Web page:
“Jesus uses the His own solemn imagery–‘Gehenna’, (‘hell’ in Mark 9:47 and ten other gospel texts), the valley outside Jerusalem where rubbish was burned; the ‘worm’ that ‘dieth not’ (Mark 9:47), an image, it seems for the endless dissolution of the personality by a condemning conscience; ‘fire’ for the agonizing awareness of God’s displeasure; ‘outer darkness’ for knowledge of the loss, not merely of God, but of all good, and everything that made life seem worth living; ‘gnashing of teeth’ for self-condemnation and self-loathing. These things are, no doubt, unimaginably dreadful, though who have been convicted of sin know little of their nature.” (Knowing God, p. 138)

In this second quote, J.I. Packer, explains the necessity of the doctrine of God’s wrath:

“…if we would know God, it is vital that we face the truth concerning His wrath, however unfashionable it may be, and however strong our initial prejudices against it. Otherwise, we shall not understand the gospel of salvation from wrath, nor the propitiatory achievement of the cross, nor the wonder of the redeeming love of God.” (Knowing God, p. 142)

Dr. Packer had an excellent, long quote from A.W. Pink, but after Packer explaining importance of this often overlooked doctrine we should take Pink’s advice:

“The wrath of God is a perfection of the Divine character on which we need to meditate frequently.” (A.W. Pink, The Attributes of God, p.77, emphasis mine)

The Hidden Treasure and Pearl of Greatest Price

This morning I was reading the gospel of Matthew, chapters 12 and 13. Christ is teaching his disciples in many parables and I have been meditating on two them today: the parable of the hidden teasure and the parable of the pearl of great value.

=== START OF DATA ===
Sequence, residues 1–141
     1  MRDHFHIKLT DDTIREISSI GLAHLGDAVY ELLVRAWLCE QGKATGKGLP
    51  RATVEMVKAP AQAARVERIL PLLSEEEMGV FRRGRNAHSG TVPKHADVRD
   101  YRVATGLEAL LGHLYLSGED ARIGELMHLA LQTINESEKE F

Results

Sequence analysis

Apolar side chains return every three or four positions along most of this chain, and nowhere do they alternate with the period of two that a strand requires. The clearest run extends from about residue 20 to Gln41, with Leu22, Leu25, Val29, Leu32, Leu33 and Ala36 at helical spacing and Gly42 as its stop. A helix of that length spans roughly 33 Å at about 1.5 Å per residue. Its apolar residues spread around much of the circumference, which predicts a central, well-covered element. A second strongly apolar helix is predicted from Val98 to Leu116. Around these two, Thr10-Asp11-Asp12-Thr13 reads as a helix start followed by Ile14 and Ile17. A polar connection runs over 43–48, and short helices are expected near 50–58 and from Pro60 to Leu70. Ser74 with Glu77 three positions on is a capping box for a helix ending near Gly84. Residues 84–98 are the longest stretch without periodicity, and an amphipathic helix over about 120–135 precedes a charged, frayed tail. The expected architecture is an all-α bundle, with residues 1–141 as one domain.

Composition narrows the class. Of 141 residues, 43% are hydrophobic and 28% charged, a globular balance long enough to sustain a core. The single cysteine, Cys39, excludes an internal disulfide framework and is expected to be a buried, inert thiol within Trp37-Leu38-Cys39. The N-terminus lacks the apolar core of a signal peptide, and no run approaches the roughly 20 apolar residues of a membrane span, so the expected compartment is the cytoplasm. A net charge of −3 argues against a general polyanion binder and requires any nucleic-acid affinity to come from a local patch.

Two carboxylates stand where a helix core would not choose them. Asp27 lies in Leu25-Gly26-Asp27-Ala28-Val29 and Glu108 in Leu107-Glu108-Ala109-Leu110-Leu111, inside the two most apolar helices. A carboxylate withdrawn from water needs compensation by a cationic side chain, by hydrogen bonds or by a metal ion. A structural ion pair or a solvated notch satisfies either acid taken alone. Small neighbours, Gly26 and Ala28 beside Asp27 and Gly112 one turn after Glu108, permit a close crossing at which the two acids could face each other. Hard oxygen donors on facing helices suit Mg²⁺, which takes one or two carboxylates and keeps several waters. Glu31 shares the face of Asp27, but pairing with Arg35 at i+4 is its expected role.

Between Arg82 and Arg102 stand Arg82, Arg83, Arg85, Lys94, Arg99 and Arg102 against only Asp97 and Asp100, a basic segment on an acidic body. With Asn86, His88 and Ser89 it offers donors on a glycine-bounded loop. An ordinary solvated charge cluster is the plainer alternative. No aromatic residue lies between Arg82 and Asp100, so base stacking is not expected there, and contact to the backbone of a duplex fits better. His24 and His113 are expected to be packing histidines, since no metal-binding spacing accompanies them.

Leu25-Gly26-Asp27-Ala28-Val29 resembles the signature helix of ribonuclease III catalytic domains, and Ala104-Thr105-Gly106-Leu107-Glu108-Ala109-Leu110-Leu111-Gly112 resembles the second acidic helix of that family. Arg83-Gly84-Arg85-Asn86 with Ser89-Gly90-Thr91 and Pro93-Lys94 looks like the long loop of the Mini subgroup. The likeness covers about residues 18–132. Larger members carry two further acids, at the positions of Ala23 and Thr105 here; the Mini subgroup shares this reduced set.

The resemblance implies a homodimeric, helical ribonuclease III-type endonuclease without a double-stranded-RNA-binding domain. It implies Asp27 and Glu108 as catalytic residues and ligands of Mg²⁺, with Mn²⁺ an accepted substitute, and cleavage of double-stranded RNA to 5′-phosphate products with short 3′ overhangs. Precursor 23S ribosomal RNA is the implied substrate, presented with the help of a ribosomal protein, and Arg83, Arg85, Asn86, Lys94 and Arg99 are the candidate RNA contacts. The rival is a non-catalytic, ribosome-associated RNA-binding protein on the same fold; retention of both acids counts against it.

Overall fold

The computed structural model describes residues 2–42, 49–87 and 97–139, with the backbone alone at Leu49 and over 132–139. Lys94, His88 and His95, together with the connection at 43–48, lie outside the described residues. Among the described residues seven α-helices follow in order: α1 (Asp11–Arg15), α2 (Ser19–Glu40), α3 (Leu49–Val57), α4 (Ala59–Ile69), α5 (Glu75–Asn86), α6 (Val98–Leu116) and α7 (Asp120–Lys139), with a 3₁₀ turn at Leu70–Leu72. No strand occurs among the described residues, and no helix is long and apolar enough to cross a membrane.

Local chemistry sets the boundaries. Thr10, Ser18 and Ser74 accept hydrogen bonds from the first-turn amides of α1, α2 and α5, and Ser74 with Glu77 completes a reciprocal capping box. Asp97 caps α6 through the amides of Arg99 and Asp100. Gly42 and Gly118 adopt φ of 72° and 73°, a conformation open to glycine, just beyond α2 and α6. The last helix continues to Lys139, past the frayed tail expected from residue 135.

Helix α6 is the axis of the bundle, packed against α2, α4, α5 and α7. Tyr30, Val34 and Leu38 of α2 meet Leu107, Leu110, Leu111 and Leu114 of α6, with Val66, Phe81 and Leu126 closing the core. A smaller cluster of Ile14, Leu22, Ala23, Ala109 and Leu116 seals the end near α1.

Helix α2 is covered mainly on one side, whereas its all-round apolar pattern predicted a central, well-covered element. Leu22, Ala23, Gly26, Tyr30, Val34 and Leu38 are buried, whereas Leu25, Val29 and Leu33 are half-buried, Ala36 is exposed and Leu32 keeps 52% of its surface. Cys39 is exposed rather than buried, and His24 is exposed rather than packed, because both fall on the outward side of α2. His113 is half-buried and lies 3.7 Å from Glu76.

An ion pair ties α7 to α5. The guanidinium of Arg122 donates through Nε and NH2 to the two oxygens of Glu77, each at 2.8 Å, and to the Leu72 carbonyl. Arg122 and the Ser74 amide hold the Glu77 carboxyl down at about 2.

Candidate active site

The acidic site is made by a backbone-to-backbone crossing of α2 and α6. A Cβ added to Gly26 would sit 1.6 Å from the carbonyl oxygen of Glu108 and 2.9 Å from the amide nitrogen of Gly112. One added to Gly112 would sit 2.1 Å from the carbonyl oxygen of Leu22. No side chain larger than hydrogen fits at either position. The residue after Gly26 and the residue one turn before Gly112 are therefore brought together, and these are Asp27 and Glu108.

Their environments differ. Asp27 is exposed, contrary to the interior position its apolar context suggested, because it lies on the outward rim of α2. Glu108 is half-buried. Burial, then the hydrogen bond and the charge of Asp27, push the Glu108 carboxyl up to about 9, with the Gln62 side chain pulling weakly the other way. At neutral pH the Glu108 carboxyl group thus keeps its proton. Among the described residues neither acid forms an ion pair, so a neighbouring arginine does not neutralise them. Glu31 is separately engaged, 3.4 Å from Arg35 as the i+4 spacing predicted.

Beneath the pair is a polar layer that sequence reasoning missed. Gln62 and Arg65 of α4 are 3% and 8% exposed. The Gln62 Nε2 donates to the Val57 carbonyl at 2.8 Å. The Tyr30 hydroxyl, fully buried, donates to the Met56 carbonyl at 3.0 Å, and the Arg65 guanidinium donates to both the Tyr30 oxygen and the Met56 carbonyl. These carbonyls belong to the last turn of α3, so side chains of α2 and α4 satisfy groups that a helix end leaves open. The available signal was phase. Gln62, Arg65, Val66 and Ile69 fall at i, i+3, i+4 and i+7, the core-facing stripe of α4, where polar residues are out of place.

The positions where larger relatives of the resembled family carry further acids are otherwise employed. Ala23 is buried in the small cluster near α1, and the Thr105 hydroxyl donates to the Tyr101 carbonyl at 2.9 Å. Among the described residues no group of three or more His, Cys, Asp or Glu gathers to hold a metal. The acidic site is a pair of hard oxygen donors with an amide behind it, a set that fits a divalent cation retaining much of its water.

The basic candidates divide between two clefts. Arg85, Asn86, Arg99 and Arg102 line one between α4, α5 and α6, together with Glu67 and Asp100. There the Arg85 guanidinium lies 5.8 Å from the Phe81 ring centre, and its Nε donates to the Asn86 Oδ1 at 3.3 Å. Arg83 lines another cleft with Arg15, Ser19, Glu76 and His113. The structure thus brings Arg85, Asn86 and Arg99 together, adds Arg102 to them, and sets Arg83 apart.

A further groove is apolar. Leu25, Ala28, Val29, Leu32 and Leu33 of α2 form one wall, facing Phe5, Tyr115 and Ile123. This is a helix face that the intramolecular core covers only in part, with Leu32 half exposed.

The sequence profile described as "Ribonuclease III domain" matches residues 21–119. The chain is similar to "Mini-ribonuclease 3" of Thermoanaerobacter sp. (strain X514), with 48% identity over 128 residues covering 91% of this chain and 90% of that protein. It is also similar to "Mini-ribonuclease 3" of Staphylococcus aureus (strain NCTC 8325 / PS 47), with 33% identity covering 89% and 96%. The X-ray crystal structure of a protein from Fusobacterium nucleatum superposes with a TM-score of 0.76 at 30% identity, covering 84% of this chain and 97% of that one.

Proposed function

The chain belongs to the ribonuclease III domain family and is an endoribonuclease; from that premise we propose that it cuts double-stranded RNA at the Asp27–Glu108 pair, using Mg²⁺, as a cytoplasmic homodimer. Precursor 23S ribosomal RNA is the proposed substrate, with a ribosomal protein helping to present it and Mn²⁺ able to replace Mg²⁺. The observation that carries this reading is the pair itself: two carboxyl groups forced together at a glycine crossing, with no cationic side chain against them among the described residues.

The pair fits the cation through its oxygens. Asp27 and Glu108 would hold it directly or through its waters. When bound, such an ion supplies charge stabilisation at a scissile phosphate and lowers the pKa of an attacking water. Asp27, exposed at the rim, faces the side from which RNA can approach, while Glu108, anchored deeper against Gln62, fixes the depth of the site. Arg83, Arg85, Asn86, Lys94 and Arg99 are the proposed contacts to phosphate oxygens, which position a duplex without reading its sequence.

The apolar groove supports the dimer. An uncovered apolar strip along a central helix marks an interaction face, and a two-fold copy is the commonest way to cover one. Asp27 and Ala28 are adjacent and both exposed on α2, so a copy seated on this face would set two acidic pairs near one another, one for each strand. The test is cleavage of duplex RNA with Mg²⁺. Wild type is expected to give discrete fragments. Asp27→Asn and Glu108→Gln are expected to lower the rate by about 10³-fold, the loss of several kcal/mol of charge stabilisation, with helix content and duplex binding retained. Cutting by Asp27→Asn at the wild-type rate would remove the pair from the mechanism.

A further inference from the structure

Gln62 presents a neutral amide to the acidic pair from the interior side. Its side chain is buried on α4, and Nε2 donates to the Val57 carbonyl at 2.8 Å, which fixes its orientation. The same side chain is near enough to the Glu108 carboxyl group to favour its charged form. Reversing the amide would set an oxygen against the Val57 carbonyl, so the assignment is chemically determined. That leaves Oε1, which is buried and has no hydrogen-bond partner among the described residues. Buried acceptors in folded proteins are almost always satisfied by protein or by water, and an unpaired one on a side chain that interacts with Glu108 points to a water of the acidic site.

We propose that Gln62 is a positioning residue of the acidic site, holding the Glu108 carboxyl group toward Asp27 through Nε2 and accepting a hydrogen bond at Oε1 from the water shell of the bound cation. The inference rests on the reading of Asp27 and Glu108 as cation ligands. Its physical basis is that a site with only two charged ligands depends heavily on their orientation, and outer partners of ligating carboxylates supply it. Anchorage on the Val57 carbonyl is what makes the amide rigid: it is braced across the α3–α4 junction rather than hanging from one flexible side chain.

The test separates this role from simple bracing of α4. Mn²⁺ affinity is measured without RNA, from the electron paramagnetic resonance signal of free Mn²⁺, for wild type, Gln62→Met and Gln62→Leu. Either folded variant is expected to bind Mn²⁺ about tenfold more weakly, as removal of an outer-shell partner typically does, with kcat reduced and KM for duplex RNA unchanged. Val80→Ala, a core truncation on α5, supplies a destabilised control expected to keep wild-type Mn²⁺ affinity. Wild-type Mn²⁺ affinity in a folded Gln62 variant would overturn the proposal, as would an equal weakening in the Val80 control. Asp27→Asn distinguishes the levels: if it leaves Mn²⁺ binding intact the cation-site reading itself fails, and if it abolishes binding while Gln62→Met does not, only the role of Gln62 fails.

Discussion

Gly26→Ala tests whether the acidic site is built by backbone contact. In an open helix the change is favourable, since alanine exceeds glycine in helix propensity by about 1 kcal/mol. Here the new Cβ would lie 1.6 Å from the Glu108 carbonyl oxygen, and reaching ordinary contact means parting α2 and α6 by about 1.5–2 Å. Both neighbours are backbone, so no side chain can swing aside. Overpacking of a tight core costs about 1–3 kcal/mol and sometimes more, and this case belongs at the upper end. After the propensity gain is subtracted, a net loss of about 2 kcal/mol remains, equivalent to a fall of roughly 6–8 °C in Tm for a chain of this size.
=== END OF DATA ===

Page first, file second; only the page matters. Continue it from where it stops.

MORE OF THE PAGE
The Parable of the Hidden Treasure

“The kingdom of heaven is like treasure hidden in a field, which a man found and covered up. Then in his joy he goes and sells all that he has and buys up that field.” (Matthew 13:44)

Here is what Matthew Henry says about this parable in his concise commentary:

“Many slight the gospel, because they look only upon the surface of the field. But all who search the Scriptures, so as in them to find Christ and eternal life, John 5:39, will discover such treasure in this field as makes it unspeakably valuable; they make it their own upon any terms. Though nothing can be given as a price for this salvation, yet much must be given up for the sake of it.”

The Parable of the Pearl of Great Value

“Again, the kingdom of heaven is like a merchant in search of fine pearls, who, on finding one pearl of great value, went and sold all that had and bought it.” (Matthew 13:45-46)

Again, here are Matthew Henry’s comments:

“All the children of men are busy; one would be rich, another would be honourable, another would be learned; but most are deceived, and take up with counterfeits for pearls. Jesus Christ is a Pearl of great price; in having him, we have enough to make us happy here and for ever. A man may buy gold too dear, but not this Pearl of great price. When the convinced sinner sees Christ as the gracious Saviour, all things else become worthless to his thoughts.”

This second parable reminds me of the chorus of “Only Jesus” from Sovereign Grace‘s Valley of Vision:

“Only Jesus! Only Jesus!
Give us Jesus, we cry
Only Jesus! Only Jesus!
The Pearl of greatest price”

A Prayer

LORD, thank You for showing me where the treasure of Christ is in the field of your Scriptures. Apart from your Spirit’s work, I would not have known to dig and much less know where to dig. I would have wondered the fields aimlessly in poverty. Father, I praise you for all the riches and wealth that I have in your precious Son. Although salvation is free, it is not without cost. Christ’s blood paid the debt of all my sins in order to purchase my salvation. Lord, that’s percisely the reason why Christ is so valuable to me! I am poor and naked without Him. Jesus, You are more valuable than anything in this world, yet I am tempted daily to hold on to fool’s gold. Don’t let me settle for counterfeit pearls that may appear beautiful, but have no value in Your kingdom. Help me to sell all the treasures that I have. For your glory and my joy, I pray. Amen.